Flax

flax

Harvest over;
The scent of retting lingers,
Everywhere.

Some weeks ago, a fellow blogger, Mark (*1), challenged his readers to write a haiku about cotton.  Like me, Mark follows the seasons in his blog. At that particular time the cotton plant was beginning to open.  Of course where I live we don’t grow cotton and so having no experience of that process I wondered if there was something here, in these wetter, cooler lands that could be written about.

What came to mind was flax, the plant from which linen is made, and not so many years ago it played a massive part in the life of this island. Finding out something about it here was easy enough; the website for National Museums NI (*2) has lots of information but I wondered if anyone still grew and produced flax. Eventually I came across a farm in County Tyrone (*3) who’s ethos was to grow and produce flax using traditional methods in a sustainable and environmentally friendly way. Making contact with the farm, I was able to arrange a visit for my wife and myself on a glorious late September morning. Accompanied by Helen and Charlie we tramped over their fields along with their dogs, and actually pulled some missed stems of flax. We also helped to pick some of the remaining hedgerow blackberries.

How privileged we were, hearing the farm’s story and their plans for a sustainable future. Perhaps next year we will return to see the fields filled with the “wee blue flower”.

Everywhere,
Carried on the autumn wind,
Golden memories.

Ashley

(Retting: the process of soaking the flax in water to help soften the stalks so that the flax fibres can be separated from the core and outer casing.  The smell is very distinctive).

(*1) https://wordpress.com/read/feeds/117283304/posts/4218663982

(*2) https://www.nmni.com/story/warp-and-weft-story

(*3) https://mallonireland.com/pages/linen

 

Autumn Equinox

Here in the northern hemisphere it is that time when both night and day are of equal length and from here on daylight reduces and the nights become longer.  It’s a time for preparing for the colder months but it is also an opportunity to plan for the months beyond the winter.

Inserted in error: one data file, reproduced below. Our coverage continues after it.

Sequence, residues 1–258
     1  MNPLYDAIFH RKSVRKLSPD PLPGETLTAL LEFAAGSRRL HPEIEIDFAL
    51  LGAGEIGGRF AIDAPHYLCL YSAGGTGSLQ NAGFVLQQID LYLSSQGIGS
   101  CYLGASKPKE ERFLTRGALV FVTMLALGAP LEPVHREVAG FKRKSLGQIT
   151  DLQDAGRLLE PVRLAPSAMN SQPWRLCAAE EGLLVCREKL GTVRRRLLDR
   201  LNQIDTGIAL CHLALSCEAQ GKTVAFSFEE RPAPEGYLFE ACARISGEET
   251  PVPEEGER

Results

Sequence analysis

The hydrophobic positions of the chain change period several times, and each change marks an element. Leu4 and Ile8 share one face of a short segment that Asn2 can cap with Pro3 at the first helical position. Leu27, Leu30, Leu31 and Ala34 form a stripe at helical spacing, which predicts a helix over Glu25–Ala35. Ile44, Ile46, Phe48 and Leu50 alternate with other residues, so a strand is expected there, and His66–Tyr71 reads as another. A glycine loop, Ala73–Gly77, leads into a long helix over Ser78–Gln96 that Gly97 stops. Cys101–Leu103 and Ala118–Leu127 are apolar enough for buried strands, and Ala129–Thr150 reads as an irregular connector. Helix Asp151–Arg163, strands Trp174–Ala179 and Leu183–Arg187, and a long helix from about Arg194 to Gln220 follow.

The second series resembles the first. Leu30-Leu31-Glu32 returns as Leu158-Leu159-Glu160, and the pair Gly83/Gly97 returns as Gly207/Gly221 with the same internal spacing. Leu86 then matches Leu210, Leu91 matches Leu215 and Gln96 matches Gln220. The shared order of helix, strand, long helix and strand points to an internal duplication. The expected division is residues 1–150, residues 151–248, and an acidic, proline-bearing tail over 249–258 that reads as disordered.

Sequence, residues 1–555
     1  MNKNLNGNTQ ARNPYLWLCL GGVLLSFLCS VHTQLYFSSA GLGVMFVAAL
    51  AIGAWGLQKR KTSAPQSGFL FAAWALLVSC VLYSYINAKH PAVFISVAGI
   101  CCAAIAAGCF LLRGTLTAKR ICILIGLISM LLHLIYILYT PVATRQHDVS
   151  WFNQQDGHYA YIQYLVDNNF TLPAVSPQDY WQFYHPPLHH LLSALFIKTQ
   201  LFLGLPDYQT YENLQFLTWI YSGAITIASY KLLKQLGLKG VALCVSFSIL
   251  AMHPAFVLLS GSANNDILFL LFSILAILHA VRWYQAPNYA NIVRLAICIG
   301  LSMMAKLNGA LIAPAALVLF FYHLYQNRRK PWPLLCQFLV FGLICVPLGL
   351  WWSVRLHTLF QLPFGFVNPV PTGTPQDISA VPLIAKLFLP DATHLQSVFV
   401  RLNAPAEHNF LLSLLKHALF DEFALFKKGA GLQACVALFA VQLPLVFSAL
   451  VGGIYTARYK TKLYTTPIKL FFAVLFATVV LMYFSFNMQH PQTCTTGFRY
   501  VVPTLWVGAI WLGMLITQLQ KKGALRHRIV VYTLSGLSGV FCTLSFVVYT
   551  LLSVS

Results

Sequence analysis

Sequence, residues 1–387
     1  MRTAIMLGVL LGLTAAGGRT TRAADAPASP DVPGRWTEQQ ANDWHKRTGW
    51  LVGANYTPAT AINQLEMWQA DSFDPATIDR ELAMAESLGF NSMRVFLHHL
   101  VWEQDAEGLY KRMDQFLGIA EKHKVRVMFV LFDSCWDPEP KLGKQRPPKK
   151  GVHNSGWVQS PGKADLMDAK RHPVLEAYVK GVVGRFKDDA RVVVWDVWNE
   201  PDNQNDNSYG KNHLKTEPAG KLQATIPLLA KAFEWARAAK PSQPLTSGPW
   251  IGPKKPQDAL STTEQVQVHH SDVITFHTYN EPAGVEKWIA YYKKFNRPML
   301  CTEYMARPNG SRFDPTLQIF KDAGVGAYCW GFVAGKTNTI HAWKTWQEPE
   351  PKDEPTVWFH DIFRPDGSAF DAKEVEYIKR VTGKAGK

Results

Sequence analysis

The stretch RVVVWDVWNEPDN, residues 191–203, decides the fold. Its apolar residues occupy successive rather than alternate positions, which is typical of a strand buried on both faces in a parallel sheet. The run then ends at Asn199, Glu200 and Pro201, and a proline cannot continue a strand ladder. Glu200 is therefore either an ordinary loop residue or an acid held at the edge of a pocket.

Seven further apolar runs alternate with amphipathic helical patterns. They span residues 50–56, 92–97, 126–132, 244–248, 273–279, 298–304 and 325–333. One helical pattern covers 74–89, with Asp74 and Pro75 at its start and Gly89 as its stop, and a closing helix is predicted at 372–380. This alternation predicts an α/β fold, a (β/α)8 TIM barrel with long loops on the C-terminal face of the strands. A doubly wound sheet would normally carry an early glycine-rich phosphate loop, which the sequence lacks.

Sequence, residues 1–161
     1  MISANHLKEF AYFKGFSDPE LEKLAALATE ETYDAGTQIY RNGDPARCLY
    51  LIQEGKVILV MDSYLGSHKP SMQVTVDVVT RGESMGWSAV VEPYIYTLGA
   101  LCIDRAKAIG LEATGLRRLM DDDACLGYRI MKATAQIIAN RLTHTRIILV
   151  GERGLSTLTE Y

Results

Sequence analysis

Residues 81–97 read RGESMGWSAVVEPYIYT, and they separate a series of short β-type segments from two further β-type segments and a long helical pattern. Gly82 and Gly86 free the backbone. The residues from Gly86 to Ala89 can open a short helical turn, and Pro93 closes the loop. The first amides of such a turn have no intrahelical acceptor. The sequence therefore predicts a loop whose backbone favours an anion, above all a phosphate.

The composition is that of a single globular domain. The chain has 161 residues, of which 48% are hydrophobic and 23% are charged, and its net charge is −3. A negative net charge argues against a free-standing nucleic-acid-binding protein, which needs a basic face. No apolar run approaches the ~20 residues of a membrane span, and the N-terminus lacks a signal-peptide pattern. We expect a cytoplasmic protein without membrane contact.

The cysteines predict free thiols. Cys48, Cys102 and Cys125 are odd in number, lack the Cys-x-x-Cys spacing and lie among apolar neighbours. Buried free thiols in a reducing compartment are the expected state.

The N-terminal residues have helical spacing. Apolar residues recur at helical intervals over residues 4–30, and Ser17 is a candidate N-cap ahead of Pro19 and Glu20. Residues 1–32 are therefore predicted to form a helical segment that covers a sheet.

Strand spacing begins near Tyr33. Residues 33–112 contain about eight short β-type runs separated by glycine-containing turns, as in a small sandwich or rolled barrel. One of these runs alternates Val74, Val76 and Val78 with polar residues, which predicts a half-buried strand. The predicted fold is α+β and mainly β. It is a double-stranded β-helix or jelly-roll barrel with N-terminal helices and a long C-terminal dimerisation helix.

planting bulbs

Planting bulbs,

As the darkness grows –

Flowers for spring.

 

Ashley

On the seashore

With such high temperatures, the best place to be is beside the sea.

where the mountains of mourne sweep down to sea

There’s a line in a Percy French song that goes:

“Where the Mountains of Mourne sweep down to the sea.”

Newcastle, County Down, Northern Ireland.  Enjoy it here!  Or better still, why not visit this glorious part of the Northern Ireland coast.

shore 6

shore 5

shore 4

shore 3

shore 2

shore 1

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Have a great weekend,

Ashley

July

It’s almost the middle of July and the night skies are light until late.  However, if you want to look beyond our solar system, the James Webb Space Telescope has produced amazing pictures of deepest space.

Closer to home, on the 13th July here in the UK, we may see something amazing in the early evening!

enso a

Mid July;
For those who lift their eyes from the earth,
A supermoon.

Ashley

Original artwork and verse by Ashley

https://www.nasa.gov/image-feature/goddard/2022/nasa-s-webb-delivers-deepest-infrared-image-of-universe-yet

https://www.nhm.ac.uk/discover/what-is-a-supermoon.html

Summer Solstice

summer

Here we are,
On the hill of summer;
The longest day.

This is a verse I published last year and it so I happened that I was in the same place yesterday where my verse came to me!  I hope you don’t mind me repeating it?  When I first wrote it, I’d been browsing through one of my favourite books, The Hill of Summer by J.A. Baker.  I just love the descriptive writing in that book.  Baker is probably better known for his extraordinary book, The Peregrine.

(The title of J.A. Baker’s book, The Hill of Summer, comes from a line in A.E. Housman’s poem A Shropshire Lad.)


			

A New Year

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For several years my writing has been aligned to the four seasons, and in following the seasons more closely, I believe that I have changed too!  Towards the end of December last year and through the Winter Solstice, I became aware of the need to return to a journey that began many years ago!

The Winter Solstice is a time when our inner wisdom moves out of the dark unconscious into the slowly increasing light.  We can name our dreams and allow them to expand as the new year brings light and warmth.

Not so long ago I read a biography of Tenzin Palmo and some of her words resonate with me now as I write:

The purpose of life is to realise our spiritual nature, to go away and practice, to reap the fruits of the path, otherwise you have nothing to give anyone else.

You can find out about her here:

I have been writing for a very long time, since my teenage years, but I also have a passion for the visual arts especially illustration, and as we approach Imbolc at the end of January, I am reminded that intuition, inspiration, and the healing powers of this celebration of the life-force need to be addressed.  Imbolc, Candlemas, Brigid’s Day, the earth awakening; these things are approaching. 

I also think of Anthony Gormley’s words:

In creating art, participating in it, doing it, we become our true selves.

https://www.antonygormley.com/

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Those words are important to me, right now, to become my true self, my whole self, and so I have decided to stop blogging and to concentrate on my art, my writing and my drawing.

For now, to all my followers, keep well and safe, and have a great New Year.

Ashley